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Simple problem in calculating kinetic energy

  1. Mar 22, 2009 #1
    1. The problem statement, all variables and given/known data
    If you push a crate horizontally with a force of 100 N across a 10 meter factory floor, and the friction between the crate the the floor is a steady 70 N, how much kinetic energy is gained by the crate?


    2. Relevant equations
    KE=1/2mv²
    Work=change in KE
    Work=force*distance traveled

    3. The attempt at a solution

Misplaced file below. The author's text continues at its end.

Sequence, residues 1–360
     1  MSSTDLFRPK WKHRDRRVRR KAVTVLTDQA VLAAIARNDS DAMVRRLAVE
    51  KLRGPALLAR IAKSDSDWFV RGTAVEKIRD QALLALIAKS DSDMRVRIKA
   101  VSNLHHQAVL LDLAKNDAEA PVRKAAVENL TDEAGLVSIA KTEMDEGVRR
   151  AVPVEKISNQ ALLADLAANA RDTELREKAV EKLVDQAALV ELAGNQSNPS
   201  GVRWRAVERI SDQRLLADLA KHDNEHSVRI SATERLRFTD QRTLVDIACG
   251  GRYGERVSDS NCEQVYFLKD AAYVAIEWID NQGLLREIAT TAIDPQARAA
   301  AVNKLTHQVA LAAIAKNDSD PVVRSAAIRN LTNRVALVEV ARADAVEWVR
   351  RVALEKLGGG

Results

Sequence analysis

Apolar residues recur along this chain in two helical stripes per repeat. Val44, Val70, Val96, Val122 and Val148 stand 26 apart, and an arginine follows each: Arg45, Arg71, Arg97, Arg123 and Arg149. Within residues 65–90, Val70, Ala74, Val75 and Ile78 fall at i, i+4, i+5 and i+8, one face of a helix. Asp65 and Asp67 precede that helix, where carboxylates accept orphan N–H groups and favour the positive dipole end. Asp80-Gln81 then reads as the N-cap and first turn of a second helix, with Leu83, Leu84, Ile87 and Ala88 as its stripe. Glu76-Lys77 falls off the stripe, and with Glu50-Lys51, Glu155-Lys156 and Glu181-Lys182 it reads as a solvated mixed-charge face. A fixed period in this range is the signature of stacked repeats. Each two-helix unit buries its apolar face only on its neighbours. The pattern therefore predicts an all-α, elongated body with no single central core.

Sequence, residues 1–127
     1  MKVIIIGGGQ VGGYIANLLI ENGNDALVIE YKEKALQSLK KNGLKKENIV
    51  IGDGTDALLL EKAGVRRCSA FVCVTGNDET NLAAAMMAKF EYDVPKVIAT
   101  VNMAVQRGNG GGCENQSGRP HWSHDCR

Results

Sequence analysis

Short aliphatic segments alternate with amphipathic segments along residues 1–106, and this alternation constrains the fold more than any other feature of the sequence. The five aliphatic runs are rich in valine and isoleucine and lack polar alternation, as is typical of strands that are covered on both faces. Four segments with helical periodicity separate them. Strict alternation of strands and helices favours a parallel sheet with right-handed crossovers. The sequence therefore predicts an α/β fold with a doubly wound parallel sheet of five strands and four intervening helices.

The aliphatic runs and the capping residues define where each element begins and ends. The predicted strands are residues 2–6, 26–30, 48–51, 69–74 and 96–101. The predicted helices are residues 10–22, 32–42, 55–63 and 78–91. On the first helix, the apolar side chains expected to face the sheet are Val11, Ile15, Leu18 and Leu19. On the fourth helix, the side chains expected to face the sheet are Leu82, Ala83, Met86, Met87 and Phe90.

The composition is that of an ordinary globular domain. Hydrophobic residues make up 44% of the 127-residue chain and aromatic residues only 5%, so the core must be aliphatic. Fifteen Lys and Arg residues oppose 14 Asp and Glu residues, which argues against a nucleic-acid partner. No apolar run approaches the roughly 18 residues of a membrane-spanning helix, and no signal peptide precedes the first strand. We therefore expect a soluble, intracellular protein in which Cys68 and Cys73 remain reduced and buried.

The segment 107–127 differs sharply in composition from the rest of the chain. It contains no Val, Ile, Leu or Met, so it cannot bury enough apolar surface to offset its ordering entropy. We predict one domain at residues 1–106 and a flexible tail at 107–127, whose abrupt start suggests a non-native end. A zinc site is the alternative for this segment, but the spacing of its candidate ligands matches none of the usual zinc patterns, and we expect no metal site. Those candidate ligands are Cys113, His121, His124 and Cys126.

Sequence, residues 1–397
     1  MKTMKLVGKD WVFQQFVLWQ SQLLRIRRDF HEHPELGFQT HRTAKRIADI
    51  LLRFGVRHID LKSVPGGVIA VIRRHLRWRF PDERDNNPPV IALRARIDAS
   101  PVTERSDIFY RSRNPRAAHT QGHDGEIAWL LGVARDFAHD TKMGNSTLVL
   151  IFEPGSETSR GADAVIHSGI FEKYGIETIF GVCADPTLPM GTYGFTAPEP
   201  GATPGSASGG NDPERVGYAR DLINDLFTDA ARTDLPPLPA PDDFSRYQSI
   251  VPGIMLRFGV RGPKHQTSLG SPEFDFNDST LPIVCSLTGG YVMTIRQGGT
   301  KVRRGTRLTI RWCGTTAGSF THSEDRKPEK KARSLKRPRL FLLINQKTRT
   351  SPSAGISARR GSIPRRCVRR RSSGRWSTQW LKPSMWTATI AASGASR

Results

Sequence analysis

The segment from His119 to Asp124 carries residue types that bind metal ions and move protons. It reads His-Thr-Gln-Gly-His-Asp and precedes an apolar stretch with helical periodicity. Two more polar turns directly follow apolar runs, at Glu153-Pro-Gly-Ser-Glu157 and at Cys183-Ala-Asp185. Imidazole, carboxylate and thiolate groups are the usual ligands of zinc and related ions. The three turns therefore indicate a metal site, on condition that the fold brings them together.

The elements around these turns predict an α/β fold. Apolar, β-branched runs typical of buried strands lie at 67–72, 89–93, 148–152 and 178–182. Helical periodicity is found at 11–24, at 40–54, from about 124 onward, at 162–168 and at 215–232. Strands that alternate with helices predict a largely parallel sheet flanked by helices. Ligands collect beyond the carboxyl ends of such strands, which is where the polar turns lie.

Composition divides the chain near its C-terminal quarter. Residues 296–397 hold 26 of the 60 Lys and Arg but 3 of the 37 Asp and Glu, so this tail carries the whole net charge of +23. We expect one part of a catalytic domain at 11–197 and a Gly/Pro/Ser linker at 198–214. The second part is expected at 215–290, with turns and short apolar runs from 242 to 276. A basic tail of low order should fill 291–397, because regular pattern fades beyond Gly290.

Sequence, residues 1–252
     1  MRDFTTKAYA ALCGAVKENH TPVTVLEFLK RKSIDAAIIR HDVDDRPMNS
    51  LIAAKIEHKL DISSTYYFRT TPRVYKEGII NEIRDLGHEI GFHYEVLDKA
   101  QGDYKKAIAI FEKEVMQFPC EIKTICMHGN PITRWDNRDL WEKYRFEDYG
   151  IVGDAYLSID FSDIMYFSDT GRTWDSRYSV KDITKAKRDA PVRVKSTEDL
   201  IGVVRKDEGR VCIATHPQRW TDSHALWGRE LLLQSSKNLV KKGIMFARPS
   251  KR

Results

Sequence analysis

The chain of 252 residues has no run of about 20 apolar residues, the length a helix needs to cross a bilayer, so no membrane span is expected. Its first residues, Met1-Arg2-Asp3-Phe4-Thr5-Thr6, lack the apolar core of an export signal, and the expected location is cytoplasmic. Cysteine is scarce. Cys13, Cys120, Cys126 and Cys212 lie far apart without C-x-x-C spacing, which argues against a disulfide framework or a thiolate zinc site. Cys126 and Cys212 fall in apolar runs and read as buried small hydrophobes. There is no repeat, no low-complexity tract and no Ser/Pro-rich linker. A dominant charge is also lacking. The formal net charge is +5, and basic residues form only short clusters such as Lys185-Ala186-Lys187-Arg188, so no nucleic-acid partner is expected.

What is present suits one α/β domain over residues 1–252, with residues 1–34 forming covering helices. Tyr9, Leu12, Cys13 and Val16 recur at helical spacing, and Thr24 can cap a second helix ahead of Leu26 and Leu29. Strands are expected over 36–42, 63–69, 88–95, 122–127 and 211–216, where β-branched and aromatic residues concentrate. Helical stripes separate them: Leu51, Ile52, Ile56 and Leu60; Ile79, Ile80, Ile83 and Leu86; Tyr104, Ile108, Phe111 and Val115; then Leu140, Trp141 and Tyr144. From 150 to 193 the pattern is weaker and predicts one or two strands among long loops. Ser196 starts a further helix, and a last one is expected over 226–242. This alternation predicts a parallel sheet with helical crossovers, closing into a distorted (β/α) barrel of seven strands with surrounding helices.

Im not sure how to get the net force. If all you have to do is add the friciton force and force from push than the solution should be:
    +100-(-70)=170 N
    170 N(10 meters)=1700 J

    is this correct?
     
  2. jcsd
  3. Mar 22, 2009 #2

    tiny-tim

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    Welcome to PF!

    Hi Laurlaur790! Welcome to PF! :smile:
    Nooo … what effect do you think friction has on KE? :wink:
     
  4. Mar 22, 2009 #3
    I think that the more friction there is, the less kinetic energy there is.
     
  5. Mar 22, 2009 #4

    tiny-tim

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    That's right! :biggrin:

    So what effect does that have on the numbers?
     
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